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Showing posts by 'Hillary Clinton'

Campaign 2012: Latin America

General Immigration Latin America

Below is a video interview I did for the Council on Foreign Relations’ Campaign 2012 series. In it I talk about the three big issues in U.S.-Latin America policy facing...

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Plan Colombia’s Lessons for Mexico

Colombia Mexico Plan Colombia’s Lessons for Mexico

Last week WOLA released the report “A Cautionary Tale: Plan Colombia’s Lessons for U.S. Policy Toward Mexico and Beyond.” The study is a useful reminder of the real differences between...

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Human Rights Abuses in Mexico’s Drug War

Mexico Human Rights Abuses in Mexico’s Drug War

Last Wednesday, Human Rights Watch (HRW) released its report “Neither Rights Nor Security: Killings, Torture and Disappearances in Mexico’s ‘War on Drugs’.” The report is incredibly thorough – based on...

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Reads of the Week: Social Networking in Latin America

Brazil Chile Colombia Mexico Venezuela Reads of the Week: Social Networking in Latin America

The Senate Foreign Relations Committee recently released a report penned by Carl Meacham titled “Latin American Governments Need to ‘Friend’ Social Media and Technology,” calling on U.S. policymakers to recognize...

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Colombia, Panama and South Korea Free Trade Agreements

Colombia Panama

Free trade agreements with Colombia, Panama and South Korea finally passed, after four plus years of delay. My colleague Ted Alden talks about the consequences for the U.S. job market...

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How Guatemala’s New Government Should Take on the Security Challenge

Guatemala How Guatemala’s New Government Should Take on the Security Challenge

Front-runner Otto Pérez Molina won 36% of the vote in first round of Guatemala’s presidential elections on Sunday, and will face off against second place finisher Manuel Baldizón in the...

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Demand Side Policies in the U.S. War on Drugs

Brazil Colombia Mexico United States Demand Side Policies in the U.S. War on Drugs

The “drug war” strategy of the last four decades revolves primarily around supply side measures. Whether eradication, interdiction, or arrests, it fixates on stopping the seemingly endless flow of drugs and cash across U.S. borders. But there is obviously another side to the equation – U.S. demand. The United States is the largest consumer of drugs across the globe (though there are signs that the cocaine and marijuana markets in Europe and the developing world are catching up) with 1 in every 7 Americans having tried an illegal substance.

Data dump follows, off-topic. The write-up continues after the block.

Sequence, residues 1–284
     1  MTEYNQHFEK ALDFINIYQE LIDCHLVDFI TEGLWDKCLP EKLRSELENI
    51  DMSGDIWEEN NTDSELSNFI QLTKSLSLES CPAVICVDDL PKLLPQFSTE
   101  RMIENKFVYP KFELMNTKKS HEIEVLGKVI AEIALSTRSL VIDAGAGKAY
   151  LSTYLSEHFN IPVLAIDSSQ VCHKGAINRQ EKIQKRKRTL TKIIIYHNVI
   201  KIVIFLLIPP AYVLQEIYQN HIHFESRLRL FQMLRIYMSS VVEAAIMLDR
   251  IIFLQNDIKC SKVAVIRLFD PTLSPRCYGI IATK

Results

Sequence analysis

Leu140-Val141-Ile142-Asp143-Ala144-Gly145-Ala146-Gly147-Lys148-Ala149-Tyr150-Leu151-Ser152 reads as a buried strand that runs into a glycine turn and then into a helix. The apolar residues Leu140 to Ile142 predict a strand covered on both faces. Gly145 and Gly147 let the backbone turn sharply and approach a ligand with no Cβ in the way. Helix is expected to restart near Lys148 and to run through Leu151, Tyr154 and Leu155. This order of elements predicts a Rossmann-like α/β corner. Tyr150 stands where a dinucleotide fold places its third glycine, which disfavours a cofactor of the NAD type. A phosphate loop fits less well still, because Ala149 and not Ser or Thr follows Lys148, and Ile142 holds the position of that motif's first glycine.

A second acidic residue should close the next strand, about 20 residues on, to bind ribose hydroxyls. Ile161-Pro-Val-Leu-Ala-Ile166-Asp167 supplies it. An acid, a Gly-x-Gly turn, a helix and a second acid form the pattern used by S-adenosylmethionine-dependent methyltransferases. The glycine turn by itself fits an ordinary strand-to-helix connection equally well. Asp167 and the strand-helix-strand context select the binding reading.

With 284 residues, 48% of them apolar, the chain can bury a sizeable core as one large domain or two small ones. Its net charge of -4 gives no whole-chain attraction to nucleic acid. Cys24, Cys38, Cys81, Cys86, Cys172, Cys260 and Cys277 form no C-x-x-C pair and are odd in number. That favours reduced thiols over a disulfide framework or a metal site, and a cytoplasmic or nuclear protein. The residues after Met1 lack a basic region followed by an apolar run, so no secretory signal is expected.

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Reads of the Week: Public Opinion in Mexico and Guatemala, Argentine Elections, and the Fall of “La Barbie”

Argentina Guatemala Mexico Reads of the Week: Public Opinion in Mexico and Guatemala, Argentine Elections, and the Fall of “La Barbie”

The Pew Research Center released the results of a wide-ranging public opinion poll based on interviews with some 800 Mexicans (the study is part of their larger Global Attitudes Project). It finds strong continued support for military - 83 percent favor their role in the drug war - and for U.S.-Mexico security cooperation, with nearly 3 in 4 Mexicans supporting U.S. training and weapons for national security forces.

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Reads of the Week: New Migration Trends, and Valenzuela’s Tenure

Immigration Mexico Peru Reads of the Week: New Migration Trends, and Valenzuela’s Tenure

While two weeks ago Damien Cave’s great New York Times piece highlighted the positive economic factors keeping Mexicans at home, this week the Wall Street Journal adds border crossing dangers to the reasons for a downward trend in undocumented migration. This holds doubly true for Central Americans. A recent RAND study shows that while fewer Mexicans are coming to the United States, fewer are leaving as well, even with the economic downturn. Its authors suggest that this is due to the “target earner hypothesis,” which holds that migrants will not return to their home country until they have earned a prefixed level of savings. I’d add that the increasing costs and dangers of returning must also affect migrants’ calculation.

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Gun Trafficking to Mexico and the ATF

Mexico Gun Trafficking to Mexico and the ATF

Reformers say never to waste a crisis — or a scandal. They certainly have found one with the ATF’s Fast and Furious program, in which bureau officials allowed hundreds of firearms to “walk” across the border, straight into the hands of Mexican drug traffickers.

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